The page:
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Table 3 Examples of strategies to address patient distress

From: A randomised trial of a psychosocial intervention for cancer patients integrated into routine care: the PROMPT study (promoting optimal outcomes in mood through tailored psychosocial therapies)

Type of Distress Specific techniques to address Distress
Practical - finances; difficulty with domestic tasks Referral to Social Work; clarification of concerns; structured problem-solving; challenging black and white thinking about the need to perform domestic tasks; re-assigning priorities.
Family - concerns about children Listening; acknowledgment of concerns; explanation about children's needs; discussion about the benefits of maintaining routine; reassuring children that they have not caused the cancer.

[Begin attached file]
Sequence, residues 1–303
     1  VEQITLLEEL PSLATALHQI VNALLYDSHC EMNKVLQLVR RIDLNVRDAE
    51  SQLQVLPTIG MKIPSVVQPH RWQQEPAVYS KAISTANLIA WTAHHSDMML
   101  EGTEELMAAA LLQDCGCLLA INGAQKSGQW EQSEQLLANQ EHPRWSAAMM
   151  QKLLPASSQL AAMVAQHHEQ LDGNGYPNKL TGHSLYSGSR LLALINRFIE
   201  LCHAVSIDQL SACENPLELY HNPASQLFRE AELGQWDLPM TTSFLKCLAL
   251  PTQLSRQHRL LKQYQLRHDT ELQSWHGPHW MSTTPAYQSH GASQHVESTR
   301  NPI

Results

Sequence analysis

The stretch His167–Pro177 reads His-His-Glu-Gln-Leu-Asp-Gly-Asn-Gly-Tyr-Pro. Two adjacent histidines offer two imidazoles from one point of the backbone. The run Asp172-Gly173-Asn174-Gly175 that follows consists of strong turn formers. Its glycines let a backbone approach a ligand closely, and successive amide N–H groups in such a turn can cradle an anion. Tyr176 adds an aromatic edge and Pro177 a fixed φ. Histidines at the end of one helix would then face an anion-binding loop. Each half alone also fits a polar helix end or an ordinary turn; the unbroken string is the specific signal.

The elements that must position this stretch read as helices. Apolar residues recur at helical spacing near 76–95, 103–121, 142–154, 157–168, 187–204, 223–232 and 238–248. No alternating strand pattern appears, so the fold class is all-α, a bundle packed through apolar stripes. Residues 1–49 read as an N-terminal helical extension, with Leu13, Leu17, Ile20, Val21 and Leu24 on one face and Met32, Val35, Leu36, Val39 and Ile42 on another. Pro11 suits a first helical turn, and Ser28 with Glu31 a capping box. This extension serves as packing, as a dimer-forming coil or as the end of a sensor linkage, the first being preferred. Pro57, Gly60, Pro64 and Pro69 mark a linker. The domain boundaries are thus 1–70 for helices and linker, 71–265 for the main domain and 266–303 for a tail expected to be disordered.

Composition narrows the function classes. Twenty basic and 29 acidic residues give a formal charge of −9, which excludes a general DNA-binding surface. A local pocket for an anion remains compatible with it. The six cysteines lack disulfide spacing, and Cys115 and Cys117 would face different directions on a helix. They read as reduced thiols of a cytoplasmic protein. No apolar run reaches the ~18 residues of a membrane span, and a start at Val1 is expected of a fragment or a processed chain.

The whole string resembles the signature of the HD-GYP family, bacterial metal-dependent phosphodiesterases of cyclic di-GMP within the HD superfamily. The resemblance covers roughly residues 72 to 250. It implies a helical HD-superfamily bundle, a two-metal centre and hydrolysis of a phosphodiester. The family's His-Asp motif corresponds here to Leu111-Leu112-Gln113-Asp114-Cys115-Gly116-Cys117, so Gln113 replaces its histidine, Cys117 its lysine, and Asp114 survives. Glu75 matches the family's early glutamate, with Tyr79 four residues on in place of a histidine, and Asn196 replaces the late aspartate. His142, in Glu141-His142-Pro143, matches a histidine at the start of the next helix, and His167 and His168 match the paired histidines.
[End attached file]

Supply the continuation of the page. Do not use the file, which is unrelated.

Emotional - anxiety about chemotherapy Explanation; identification of automatic thoughts; challenging negative cognitions; relaxation and guided imagery.
Physical - pain Referral for medical review; exploration of concerns about pain; identifying and challenging misbeliefs e.g. about becoming dependent on analgesia or that use of morphine implies inevitably poor prognosis; relaxation and guided imagery.
Spiritual - shame about dependence, low sense of worth Dignity-conserving techniques e.g. exploration of past experiences, reflection on strengths; engaging in creative discussion about ways to feel in control; framing assistance as necessary to maintain dignity.